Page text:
• Courgettes and green lentils to accompany slices of dark and interesting ham

    • MelMM on September 13, 2010

      Made a very nice light meal. The flavors go quite well together.

    • Jane on March 28, 2016

      Not very interesting - won't repeat.

  • A soup-stew of beans and cavolo nero

    • Emily Hope on November 18, 2010

      This was OK, but not as fantastic as I was hoping. Used fresh shell beans, and threw in the shredded ham hock meat left from previous day's collards. C thought this made it too smoky (I disagree). The squash was a sugar pie pumpkin, I think, and it didn't disintegrate at all, which I don't think helped matters. Fine and comforting, but not more-ish at all.

    • Jane on January 12, 2015

      I liked this though it wasn't a 5-star recipe. I used dried pinto beans, butternut squash and kale. The ham bone and Parmesan rinds gave the soup-stew a good depth of flavor. I also used my own flavorful vegetable stock rather than water or bought broth. I made a double batch and froze in individual portions for winter lunches - a bowl of this soup-stew is a good, comforting, filling meal.

  • Black cabbage and bacon - a fry-up

  • Chicken broth with pork and kale

    • Barb_N on August 20, 2014

      This recipe needs a sexier name- it is the bomb. I have made it more times than I can count just in the past 9 months; use any kind of sturdy greens, add rice or rice noodles, use ground pork, or sausage, spice it up with other seasonings ...it can be different and delicious every time. One thing I have not tried is a vegetarian version.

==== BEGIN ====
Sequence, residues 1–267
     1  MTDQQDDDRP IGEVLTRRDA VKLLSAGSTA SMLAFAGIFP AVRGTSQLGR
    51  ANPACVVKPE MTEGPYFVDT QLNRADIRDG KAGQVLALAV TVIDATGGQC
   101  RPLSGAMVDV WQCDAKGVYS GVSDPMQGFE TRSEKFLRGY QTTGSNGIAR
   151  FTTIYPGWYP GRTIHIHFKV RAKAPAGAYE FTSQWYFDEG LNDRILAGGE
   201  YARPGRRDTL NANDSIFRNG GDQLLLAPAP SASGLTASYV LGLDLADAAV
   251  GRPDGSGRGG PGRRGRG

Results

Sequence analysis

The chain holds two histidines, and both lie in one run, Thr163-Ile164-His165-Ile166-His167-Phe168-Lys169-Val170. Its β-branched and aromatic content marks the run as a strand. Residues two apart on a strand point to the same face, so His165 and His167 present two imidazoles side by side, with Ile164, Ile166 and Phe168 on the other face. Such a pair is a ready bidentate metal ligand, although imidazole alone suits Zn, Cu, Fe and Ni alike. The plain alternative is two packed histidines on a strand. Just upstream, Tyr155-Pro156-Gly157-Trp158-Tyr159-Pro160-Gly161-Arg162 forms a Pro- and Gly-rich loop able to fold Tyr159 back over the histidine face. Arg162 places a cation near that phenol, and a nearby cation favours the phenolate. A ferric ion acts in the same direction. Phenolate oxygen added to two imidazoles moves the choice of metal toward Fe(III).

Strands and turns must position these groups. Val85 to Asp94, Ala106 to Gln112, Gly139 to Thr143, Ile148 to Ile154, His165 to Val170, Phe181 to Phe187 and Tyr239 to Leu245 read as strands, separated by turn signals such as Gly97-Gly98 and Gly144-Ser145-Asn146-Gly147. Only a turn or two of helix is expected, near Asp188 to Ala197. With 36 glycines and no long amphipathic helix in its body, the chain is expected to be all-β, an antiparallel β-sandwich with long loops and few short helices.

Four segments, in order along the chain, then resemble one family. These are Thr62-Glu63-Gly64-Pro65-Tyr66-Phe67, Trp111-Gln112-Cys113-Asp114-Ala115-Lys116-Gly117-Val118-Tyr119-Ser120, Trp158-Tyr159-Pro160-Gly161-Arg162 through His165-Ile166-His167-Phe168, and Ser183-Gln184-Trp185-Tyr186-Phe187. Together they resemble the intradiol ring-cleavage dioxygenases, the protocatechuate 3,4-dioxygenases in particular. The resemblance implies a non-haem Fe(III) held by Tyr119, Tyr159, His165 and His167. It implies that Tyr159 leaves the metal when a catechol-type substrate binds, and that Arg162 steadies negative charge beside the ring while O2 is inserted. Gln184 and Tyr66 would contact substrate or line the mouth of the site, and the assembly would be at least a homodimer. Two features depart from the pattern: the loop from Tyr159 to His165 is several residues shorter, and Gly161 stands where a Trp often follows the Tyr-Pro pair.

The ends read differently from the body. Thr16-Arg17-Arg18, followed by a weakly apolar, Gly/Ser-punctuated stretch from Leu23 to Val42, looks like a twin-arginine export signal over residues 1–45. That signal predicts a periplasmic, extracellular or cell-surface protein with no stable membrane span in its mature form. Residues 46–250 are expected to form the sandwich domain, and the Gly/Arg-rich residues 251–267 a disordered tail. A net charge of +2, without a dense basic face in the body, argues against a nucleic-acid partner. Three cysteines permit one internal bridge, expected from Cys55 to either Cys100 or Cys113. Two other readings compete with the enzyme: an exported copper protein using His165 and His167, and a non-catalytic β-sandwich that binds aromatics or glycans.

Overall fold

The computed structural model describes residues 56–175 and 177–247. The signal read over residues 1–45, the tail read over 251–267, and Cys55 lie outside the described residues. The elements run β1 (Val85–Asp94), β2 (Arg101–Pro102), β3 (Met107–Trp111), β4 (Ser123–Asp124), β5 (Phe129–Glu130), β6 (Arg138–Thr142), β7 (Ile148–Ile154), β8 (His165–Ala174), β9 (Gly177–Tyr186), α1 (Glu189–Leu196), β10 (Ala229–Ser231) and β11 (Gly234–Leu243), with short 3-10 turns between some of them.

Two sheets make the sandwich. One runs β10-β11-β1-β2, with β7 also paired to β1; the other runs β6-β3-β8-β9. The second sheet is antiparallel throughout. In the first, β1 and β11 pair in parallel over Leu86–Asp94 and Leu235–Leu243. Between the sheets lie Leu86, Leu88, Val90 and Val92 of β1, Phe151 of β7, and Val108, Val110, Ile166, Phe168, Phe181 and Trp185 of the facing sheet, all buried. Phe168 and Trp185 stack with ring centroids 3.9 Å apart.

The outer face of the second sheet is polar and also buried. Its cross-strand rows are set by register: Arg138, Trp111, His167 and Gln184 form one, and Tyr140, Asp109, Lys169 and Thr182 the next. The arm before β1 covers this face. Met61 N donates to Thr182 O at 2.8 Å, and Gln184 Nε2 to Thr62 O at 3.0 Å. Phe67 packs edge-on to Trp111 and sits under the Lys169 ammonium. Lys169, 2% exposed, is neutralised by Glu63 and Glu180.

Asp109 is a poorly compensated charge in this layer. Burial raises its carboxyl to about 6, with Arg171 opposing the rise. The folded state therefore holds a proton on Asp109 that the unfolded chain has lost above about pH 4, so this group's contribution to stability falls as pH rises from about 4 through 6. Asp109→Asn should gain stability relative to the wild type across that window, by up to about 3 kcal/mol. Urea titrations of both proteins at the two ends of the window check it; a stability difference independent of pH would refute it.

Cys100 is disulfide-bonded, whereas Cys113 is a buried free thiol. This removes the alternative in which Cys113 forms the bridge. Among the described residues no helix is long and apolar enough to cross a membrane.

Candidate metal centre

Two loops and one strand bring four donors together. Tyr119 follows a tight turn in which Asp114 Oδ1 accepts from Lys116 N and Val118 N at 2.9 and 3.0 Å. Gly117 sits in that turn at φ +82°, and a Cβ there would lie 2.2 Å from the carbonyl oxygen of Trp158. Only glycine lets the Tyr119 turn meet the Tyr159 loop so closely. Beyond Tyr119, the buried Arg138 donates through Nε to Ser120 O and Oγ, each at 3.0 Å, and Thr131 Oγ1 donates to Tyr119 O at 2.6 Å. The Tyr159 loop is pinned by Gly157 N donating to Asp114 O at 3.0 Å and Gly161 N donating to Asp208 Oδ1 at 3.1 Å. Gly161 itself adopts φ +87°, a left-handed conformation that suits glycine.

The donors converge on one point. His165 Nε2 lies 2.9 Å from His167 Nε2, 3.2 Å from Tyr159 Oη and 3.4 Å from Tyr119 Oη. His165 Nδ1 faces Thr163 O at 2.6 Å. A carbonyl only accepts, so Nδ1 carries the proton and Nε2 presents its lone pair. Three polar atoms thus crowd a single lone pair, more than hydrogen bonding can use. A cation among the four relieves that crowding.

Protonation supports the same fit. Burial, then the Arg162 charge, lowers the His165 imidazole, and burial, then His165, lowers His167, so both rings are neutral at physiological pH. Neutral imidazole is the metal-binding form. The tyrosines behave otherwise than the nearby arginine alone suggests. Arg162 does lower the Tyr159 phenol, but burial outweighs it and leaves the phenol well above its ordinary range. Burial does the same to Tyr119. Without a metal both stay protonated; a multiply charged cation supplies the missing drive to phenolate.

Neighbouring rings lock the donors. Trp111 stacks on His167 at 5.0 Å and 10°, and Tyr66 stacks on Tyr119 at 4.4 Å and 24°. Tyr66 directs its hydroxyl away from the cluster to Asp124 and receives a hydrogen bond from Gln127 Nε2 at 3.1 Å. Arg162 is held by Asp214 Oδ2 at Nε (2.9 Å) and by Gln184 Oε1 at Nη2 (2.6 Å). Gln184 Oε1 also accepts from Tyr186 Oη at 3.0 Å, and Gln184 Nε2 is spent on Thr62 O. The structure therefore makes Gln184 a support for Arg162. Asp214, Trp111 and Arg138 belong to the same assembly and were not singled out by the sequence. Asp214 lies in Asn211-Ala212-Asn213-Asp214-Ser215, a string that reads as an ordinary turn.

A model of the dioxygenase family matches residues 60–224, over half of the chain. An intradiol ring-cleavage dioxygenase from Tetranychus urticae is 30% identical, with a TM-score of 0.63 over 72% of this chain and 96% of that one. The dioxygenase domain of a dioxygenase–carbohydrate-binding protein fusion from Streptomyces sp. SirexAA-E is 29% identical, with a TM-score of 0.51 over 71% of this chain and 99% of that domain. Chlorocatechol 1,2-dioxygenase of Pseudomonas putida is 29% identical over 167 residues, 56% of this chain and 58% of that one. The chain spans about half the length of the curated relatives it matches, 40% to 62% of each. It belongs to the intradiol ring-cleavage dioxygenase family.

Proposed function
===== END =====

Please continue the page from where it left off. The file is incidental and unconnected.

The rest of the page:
• Leek and cheese mash

    • sharifah on January 17, 2012

      Yummy! The recipe didn't have any amounts cos you were meant to use leftover mash and it said use whatever cheese you have lying around in the fridge. I used 1 leek, 3 potatoes and feta cheese. Deliciousss......

  • A soup of roots, leeks and walnuts

    • Franci on November 30, 2011

      I like it. Next time I need to be more careful with the spice mix. Very fine julienne of ginger and walnuts coarsely chopped. Used half water and half vegetable nage (John Campbell-Formulas for Flavour).

  • A tart of leeks and cheese

    • monicahorridge on January 16, 2014

      Really simple, really tasty, perfect winter comfort food.

  • A simple stew of onions, beer and beef

    • Nancith on January 08, 2017

      Simple to make, luscious aroma while cooking, well appreciated by the folks who ate it. My only issue was that the gravy/sauce really thinned out during the oven-baking. Perhaps because the "2 small bottles" of monastery beer is very indefinite, & I may have used too much. A listing in oz. would have been more helpful. Also cooking for awhile without the lid might have helped keep the gravy thicker. Very nice for guests.

  • A stew of oxtail and onions for a cold night

    • Foodelf on March 17, 2012

      A totally different take on oxtails preparation and I loved it! The name says it all and a new approach to the traditional recipes for oxtails. I braised at 325 for 2 3/4 hours and the meat was meltingly tender. Served w/ flash sauteed spinach and mashed potatoes w/chives had the guests begging for more.

    • Astrid5555 on February 17, 2013

      The star here is the sauce, which makes you want to lick your plate, absolutely incredible. I expected the meat to fall off the bones after 2 1/2 hours in the oven, however, it needed a lot of cutting to come off. Should have probably been in the oven for another hour, still nice though. Served with mashed potatoes and oven-roasted carrots.